multithreading Multiprocessing vs Threading Python

multiprocessing process
concurrency primitives

19.4 seconds isn’t terribly long, but what if we wanted to download more pictures? With an average of 0.2 seconds per picture, 900 images would take approximately 3 minutes. The good news is that by introducing concurrency or parallelism, we can speed this up dramatically. In PRACTISE on different platforms spawning multiple threads ends up like spawning one process. They don’t have the same use cases at all though, so I’m not sure I agree with that.


This prevents the text from getting jumbled up when you print. You’ll often want your threads to be able to use or modify variables common between threads. Threading is game-changing, because many scripts related to network/data I/O spend the majority of their time waiting for data from a remote source.

When it comes to IO, Multiprocessing is overall as good as multithreading. It just has more overhead because popping processes is more expensive than popping threads. Actually for cpu heavy tasks, multithreading is useless indeed. Each time one job will be executed a little and then the other takes on. Here is a detailed comparison between Python multithreading and multiprocessing.

Difference between Multithreading and Multiprocessing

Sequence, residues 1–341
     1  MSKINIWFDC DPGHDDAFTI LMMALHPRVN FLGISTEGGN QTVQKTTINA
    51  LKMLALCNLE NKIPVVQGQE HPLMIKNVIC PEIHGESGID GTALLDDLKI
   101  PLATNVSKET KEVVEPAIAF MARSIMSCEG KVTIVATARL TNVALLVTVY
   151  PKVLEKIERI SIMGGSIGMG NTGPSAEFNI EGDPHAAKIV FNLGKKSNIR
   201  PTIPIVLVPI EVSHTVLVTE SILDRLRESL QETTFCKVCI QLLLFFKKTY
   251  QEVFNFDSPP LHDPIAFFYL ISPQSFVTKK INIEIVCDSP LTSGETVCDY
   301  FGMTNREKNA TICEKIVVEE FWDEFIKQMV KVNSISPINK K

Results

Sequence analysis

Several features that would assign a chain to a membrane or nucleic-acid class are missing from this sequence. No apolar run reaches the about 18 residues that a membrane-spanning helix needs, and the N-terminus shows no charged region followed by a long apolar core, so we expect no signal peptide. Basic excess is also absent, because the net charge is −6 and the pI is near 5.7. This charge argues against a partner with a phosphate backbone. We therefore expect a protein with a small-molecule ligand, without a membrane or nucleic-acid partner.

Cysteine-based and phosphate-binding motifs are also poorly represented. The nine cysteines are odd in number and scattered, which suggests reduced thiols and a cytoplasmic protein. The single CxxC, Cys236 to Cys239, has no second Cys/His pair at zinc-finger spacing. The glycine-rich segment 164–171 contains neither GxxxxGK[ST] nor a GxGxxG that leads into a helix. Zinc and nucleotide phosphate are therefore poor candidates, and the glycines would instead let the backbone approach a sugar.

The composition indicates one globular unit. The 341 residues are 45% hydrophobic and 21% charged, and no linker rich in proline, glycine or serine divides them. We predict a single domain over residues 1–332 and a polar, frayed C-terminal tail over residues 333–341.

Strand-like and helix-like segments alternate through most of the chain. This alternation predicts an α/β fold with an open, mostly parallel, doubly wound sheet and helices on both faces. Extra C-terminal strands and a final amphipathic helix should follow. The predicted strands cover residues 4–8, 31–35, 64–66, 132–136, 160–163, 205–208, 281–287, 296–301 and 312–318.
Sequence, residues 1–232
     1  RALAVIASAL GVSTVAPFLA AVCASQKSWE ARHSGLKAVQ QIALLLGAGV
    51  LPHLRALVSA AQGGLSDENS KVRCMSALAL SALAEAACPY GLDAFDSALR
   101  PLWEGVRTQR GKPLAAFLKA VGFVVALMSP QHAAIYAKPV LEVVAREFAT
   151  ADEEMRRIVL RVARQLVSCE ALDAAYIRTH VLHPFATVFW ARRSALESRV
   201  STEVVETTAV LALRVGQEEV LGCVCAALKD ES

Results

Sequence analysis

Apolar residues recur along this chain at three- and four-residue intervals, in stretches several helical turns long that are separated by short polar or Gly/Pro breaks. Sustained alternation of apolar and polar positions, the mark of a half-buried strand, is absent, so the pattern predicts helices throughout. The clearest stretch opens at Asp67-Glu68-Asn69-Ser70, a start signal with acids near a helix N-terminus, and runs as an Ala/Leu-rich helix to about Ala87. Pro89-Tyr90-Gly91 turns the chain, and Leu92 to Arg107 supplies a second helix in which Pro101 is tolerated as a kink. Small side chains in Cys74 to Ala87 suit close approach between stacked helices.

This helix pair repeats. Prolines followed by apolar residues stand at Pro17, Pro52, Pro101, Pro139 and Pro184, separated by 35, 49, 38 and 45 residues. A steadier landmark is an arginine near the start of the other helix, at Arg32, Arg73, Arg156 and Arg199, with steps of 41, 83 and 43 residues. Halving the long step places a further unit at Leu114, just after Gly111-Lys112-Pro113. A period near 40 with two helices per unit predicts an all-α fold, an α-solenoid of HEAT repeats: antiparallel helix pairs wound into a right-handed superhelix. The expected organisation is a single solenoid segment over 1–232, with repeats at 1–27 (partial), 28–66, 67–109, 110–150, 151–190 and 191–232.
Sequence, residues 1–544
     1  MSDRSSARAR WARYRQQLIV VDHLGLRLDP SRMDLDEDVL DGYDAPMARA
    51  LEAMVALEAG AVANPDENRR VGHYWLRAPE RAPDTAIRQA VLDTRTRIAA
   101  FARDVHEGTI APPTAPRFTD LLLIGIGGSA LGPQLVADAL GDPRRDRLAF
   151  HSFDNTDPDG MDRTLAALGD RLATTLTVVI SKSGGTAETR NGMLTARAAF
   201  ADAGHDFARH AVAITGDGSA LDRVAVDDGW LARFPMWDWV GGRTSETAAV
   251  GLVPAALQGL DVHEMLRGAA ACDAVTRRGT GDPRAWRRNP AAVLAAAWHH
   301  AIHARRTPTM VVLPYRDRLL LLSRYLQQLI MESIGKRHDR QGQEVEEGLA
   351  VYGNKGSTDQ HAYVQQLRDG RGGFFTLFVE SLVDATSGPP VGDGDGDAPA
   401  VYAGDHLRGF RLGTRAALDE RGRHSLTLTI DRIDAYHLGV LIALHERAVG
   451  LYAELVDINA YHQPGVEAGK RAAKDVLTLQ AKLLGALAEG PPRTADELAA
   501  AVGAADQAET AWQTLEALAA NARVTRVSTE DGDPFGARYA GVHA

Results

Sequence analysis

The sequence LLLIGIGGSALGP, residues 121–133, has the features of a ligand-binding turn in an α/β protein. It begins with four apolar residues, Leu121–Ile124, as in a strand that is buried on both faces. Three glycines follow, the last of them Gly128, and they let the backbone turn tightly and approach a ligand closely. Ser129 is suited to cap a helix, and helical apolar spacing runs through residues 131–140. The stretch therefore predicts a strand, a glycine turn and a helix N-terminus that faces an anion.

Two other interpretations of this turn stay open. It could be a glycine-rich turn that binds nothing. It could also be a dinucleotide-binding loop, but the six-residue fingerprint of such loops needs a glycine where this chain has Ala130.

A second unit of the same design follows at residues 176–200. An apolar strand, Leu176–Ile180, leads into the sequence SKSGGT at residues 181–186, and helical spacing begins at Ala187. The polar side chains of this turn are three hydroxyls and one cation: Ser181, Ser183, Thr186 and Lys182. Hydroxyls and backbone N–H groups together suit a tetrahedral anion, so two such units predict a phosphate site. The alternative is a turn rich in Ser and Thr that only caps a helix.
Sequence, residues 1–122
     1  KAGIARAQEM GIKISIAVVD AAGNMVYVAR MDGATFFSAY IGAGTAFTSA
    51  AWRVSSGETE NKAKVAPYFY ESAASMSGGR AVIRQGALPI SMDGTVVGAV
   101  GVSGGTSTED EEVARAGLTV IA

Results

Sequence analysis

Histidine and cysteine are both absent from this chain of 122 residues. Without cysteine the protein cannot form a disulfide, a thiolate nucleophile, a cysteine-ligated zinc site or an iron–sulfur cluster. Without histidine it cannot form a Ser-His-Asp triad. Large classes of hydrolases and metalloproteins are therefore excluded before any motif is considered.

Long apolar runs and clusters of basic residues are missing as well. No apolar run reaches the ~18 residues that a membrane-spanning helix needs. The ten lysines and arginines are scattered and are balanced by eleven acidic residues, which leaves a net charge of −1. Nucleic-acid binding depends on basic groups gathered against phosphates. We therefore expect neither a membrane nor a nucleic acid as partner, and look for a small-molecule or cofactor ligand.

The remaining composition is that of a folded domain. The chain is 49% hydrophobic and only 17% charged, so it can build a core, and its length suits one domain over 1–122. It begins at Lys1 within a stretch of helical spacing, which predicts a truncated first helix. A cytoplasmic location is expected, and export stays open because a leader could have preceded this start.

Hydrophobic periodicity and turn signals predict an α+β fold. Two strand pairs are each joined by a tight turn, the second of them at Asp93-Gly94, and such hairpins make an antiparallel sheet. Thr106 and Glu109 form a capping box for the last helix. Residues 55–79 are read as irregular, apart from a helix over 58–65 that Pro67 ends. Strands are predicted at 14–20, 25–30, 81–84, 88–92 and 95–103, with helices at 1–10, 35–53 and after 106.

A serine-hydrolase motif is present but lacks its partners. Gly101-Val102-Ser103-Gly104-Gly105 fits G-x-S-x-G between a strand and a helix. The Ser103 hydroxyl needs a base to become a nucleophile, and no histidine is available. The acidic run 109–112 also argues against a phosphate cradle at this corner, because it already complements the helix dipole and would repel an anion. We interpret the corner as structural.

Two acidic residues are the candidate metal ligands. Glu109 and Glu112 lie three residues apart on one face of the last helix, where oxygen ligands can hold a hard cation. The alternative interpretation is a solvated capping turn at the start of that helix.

In this article, we will discuss the tips and tricks that reduce time and increase performance in machines. We will walk you through Python multiprocessing vs multithreading, and how and where to implement these approaches. The above example shows that python threading seems to outperform python multiprocessing as it is approximately 9 times faster than the other.

Python wasn’t designed considering that personal computers might have more than one core . Multithreading is critical for production applications because it unlocks features and capabilities that are otherwise out of reach. Most programming languages have support for multithreading, but it can be hard to decide which language is the best for writing your application. So processes and threads are both different operating system constructs.

The following code will outline the interface for the Threading library but it will not grant us any additional speedup beyond that obtainable in a single-threaded implementation. When we come to use the Multiprocessing library below, we will see that it will significantly decrease the overall runtime. Saving is IO bound, so there is no need to use multiple processes. In this article, we discuss what it means in practice for a task to run async vs in a separate thread vs in a separate process. I’ll also try my best to illustrate how these work, the differences and pitfalls so you hopefully avoid the same mistakes I did with these when I implemented them into my projects. In this article we will look at threading vs multiprocessing within Python, and when you should use one over the other.

  • Multiprocessing are classified according to the way their memory is organized.
  • On memory differences these are in a capEx up-front cost sense.